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A New Panther Policy

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A New Panther Policy

Principal Dr. Brandon Wolfe has instituted a new grading policy at the school in the hopes of modernizing the grading process—students are unsure of how to feel about it.

Academics are the core of students’ experiences at Potomac Falls, but the current system is far from perfect, so principal Dr. Brandon Wolfe has taken it into his own hands and has worked to implement a new system of grading students’ work.  He hopes that the policy changes will help students prepare for college, hone their study skills, and be graded fairly on what they know rather than the learning process.

Loudoun County Public Schools is moving towards a new approach to grading which reflects students’ mastery of content and not behaviors. Following a period of stakeholder feedback and review, the entire county will likely be adopting the same standards.

“The philosophy behind all the grading changes from the [new grading policy] was to grade kids based on what they know, not behavior,” said Wolfe.  His main change is to shift formative assignments from being worth 10 percent of the overall grade to being worth zero percent, so students will be graded on their knowledge rather than practice assignments. Other changes he has instated include a 50-floor and a much more lenient late policy.

“What the 50-floor means isn’t that you write your name on a paper, you turn it in, and you get a fifty on it—it’s if you’re making an effort, if you’re working through class,” said Wolfe.  “It prevents you from getting so mathematically behind in your grades that you can’t ever catch up.”

Although Wolfe’s hopes for the system are high, he understands that any substantial change takes time to set in and many students may not cooperate immediately.

“It’s going to take time, you know, there is going to be some kickback where students say, ‘Oh, that’s a formative; it’s not graded? I won’t do it’,” said Wolfe.  “But what our goal is is to build that intrinsic desire to know, and that learned behavior into students to start doing those things [studying more, working harder].”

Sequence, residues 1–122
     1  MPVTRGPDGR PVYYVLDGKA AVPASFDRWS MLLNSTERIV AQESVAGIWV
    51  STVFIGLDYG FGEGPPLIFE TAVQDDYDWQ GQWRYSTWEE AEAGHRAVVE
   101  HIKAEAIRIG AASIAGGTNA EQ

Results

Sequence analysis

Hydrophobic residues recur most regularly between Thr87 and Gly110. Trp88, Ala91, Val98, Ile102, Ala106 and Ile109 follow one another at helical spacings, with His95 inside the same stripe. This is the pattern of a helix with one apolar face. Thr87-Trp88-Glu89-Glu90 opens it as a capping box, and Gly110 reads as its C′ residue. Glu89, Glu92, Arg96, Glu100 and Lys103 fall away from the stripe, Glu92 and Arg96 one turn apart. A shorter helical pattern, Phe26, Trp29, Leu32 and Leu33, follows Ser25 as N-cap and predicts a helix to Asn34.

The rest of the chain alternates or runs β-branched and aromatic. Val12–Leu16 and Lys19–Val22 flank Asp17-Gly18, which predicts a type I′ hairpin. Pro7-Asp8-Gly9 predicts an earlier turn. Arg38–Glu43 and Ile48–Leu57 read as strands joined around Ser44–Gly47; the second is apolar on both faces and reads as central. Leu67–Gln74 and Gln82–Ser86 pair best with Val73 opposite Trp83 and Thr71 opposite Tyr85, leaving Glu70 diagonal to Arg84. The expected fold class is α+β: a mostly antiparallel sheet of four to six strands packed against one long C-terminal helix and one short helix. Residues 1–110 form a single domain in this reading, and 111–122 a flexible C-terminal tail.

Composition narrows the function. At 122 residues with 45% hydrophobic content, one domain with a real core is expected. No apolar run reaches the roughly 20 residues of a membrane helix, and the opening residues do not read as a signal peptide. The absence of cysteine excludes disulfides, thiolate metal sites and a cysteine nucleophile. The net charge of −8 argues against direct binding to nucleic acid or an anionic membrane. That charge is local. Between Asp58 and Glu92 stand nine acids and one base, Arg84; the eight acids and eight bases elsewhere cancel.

Many students have mixed feelings about this new policy. “Personally, I feel that the grading policy that LCPS has implemented is good and bad,” said junior Congminh Tran.  “If I’m going to get a less than satisfactory grade, then it would drop my overall grade more.”

Students have not heard much about the grading policy, and although some try to be open-minded, many are skeptical.

“I’ve heard some [students] talk, but not a lot,” said Tran. “[Many students] say that it’s, for lack of a better term, stupid, because they feel that all their grades are gonna drop now.”

Tran knows that this policy may require some accommodations on the students’ part.  “I feel that [study groups] would help raise people’s grades a lot and give them another opportunity after school instead of at home with family matters, where they can’t receive help that they need in order to be successful,” said Tran.

Freshman Maggie Lum has similar feelings about the policy. “If you’re not doing that well on your tests, then it’s probably not going to be good for you,” she said.  Both she and Tran, however, agree that the new 50-floor and late policy are good for students.

Not all students are skeptical, however.  Junior Jena Salem plans to accept this change wholeheartedly.

“Personally, I think that it gives you more opportunities to get a good grade in your class because everything is summative,” said Salem.  “I think that the policy of being able to turn things in late is more useful because, for people with harder classes, it gives them more time to catch up and complete everything.”

Although she supports the change, Salem understands that any change takes time.

“I think that it’s going to make kids slack off more because they think that they don’t have to do [formative work], but really, it’s a good tool to practice,” she said.  “I don’t think a lot of people will realize that.”

Teachers and students alike are working with this new policy as well as they can; Wolfe is doing his all to make sure the teachers are on the same page.  As well as giving the teachers a book study on “Elements of Grading”, a book that reflects his view on the subject, and passing out instructions for the new policy, he created a committee of teachers with the goal of making this change an integral part of Potomac Falls life.

“I do plan on continuing the committee to make sure that we’re continuing this discussion and not just doing it just to do it,” said Wolfe.  “They’ll meet either monthly or quarterly, just to talk about different problems that are coming up.”

Any student will admit that the old grading system is flawed.  Many find the 100-point scale borderline cruel and the late policies harsh.  With Wolfe’s leadership, the Potomac Falls administration hopes to revolutionize students’ academic experience, one change at a time.

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